High Point University student rug designs to be shown in October
Thomas Lester -- Home Accents Today, May 28, 2013
THE HIGH POINT MARKET in October will serve as the introduction to the rug world for High Point University
High Point University’s Kayla Kucerik sits behind her finished rug inside Abu Rug & Home in Jamestown, N.C. Five students from HPU worked with Abu-Bakr Khan to bring their designs to life.
In November 2012, rug expert Abu-Bakr Khan visited their textiles class for a presentation. At one point, Khan told the class if anybody was interested in having a rug made, he would be happy to look at designs.
Rowan, Murphy, Trenary and Sullivan teamed up to create a design, while Kucerik designed one on her own.
After seeing their designs, Khan had wool and silk rugs made in Nepal. This fall, he will provide the opportunity to showcase the students' creative skills for the who's who of the rug industry. The students will have their finished rugs on display at Abu Rugs & Home in Jamestown, N.C., during the October market.
"My goal for them to do that is this could be put in front of a lot of businesspeople before the next market. They can
HPU student Rebecca Rowan stands beside a rug she designed along with classmates Ally Catherine Trencry, Jourdan Sullivan and Susannah Murphy.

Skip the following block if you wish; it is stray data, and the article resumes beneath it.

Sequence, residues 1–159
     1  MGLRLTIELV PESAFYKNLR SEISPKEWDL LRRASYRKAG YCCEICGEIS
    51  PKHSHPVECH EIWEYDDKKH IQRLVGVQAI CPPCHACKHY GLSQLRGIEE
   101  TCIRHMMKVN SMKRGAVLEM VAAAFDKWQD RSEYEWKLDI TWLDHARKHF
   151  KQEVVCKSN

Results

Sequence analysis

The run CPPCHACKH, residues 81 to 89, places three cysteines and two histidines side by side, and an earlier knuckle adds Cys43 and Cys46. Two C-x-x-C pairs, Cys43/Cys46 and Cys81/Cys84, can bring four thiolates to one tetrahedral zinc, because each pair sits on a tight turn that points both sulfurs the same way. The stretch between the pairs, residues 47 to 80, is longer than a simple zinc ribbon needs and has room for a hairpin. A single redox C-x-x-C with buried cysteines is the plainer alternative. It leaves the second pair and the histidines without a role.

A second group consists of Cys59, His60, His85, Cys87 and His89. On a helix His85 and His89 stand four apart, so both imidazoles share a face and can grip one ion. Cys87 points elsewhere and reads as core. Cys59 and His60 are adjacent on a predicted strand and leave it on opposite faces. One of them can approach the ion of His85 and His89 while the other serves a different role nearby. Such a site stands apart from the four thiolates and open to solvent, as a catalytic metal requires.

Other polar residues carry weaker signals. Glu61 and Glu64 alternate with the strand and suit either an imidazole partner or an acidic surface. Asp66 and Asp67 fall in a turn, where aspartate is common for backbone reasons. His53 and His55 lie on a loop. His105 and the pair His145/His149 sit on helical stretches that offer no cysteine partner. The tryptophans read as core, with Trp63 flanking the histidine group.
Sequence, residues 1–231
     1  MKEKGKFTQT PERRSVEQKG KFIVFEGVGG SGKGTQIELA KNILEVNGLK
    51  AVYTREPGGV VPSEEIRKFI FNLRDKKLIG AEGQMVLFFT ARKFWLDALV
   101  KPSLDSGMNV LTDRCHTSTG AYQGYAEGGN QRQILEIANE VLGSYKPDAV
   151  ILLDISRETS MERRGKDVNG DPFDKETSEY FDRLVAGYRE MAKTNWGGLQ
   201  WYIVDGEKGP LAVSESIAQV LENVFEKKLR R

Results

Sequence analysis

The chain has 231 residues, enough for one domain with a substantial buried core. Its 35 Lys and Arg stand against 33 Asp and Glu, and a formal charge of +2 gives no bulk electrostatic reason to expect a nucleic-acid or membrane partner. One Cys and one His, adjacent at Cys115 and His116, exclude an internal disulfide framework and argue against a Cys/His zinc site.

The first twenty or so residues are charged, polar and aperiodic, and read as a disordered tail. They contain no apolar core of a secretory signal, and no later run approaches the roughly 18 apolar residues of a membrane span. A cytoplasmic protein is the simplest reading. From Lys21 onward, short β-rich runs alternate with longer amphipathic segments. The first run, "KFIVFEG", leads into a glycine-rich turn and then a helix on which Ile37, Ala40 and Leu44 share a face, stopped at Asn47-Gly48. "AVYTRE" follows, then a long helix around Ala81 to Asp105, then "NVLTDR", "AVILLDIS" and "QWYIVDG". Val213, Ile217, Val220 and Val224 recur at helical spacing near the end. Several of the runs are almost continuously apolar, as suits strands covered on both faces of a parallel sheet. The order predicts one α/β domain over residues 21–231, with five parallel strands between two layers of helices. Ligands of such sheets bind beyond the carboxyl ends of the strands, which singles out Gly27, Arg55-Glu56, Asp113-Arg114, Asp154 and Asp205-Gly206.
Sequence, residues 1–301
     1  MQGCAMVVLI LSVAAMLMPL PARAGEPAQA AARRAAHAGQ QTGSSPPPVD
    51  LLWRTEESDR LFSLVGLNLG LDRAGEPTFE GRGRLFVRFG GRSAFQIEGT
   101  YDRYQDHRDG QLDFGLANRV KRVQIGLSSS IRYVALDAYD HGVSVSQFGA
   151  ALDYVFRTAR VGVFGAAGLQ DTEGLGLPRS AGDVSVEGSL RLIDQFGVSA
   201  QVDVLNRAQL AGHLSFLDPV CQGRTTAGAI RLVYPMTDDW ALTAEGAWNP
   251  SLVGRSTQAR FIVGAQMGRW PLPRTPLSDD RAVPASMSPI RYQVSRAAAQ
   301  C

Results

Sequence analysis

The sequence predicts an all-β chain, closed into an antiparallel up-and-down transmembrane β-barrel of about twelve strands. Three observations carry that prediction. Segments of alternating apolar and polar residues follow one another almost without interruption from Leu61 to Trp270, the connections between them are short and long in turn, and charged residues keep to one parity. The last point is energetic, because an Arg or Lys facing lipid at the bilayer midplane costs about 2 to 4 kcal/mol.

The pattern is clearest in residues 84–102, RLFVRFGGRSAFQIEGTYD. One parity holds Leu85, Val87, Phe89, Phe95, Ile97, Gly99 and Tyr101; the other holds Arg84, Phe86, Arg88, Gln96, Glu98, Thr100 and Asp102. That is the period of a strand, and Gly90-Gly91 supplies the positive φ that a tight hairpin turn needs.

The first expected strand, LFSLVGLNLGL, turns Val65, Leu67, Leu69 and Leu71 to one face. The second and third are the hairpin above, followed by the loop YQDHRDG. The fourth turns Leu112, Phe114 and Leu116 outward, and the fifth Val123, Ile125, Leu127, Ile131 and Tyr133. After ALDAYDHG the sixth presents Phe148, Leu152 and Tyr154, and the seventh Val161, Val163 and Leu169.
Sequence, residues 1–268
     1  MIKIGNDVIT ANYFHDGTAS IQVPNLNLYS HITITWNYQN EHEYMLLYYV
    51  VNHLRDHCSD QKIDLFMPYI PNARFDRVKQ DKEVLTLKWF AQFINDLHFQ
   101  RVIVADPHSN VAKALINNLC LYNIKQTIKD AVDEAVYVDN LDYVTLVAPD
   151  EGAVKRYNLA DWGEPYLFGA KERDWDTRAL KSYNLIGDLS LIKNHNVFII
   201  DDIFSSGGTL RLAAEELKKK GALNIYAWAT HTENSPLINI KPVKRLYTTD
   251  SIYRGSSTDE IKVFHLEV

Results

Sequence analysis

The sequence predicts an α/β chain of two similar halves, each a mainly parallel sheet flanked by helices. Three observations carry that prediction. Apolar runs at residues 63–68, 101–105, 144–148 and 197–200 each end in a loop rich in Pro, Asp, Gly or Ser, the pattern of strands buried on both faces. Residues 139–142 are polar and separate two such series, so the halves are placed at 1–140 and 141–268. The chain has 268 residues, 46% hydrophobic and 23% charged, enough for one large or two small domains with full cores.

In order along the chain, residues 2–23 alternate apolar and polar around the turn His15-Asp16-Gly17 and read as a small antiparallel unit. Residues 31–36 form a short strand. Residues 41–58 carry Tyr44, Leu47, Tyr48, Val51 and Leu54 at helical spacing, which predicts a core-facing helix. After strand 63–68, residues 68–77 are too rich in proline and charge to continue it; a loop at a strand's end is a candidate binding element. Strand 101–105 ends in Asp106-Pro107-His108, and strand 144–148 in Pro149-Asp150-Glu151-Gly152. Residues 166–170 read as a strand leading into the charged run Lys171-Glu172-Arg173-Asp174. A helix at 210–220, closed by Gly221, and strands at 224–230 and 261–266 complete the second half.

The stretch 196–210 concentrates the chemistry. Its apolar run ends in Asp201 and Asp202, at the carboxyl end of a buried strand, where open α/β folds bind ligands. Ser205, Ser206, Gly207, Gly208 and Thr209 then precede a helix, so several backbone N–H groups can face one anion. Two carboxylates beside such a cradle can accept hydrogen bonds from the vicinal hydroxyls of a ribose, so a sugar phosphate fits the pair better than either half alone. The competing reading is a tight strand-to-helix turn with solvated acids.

The rug designed by the four students was inspired by a rug inside Khan's store. At the four corners of the rug are the monogrammed initials of the students. The medallion, which is adorned with roses and acorns, also features the stylized initials of HPU President Nido Qubein.
Rowan said she was most nervous when Khan examined the design. "We put it in front of him and he was silent, looking at this design. We thought he hated it and then he looked up, looked us in the eye and told us it was beautiful and he was amazed we had designed it," she said. "It was such an awe-inspiring moment to have somebody who is so esteemed in the business to tell us it's good."
Kucerik's design was inspired by a piece of clothing and is a play on repetition with a curve shape repeating over a number of elevations, textures and colors.
"In my head, I saw it and knew how it was going to be raised," she said, looking at the finished product in Khan's showroom. "It was a completely different experience seeing it and touching it. This is my vision, come to life."
Both rugs will be donated to High Point University.
Uttermost and Surya at the Dallas Market Center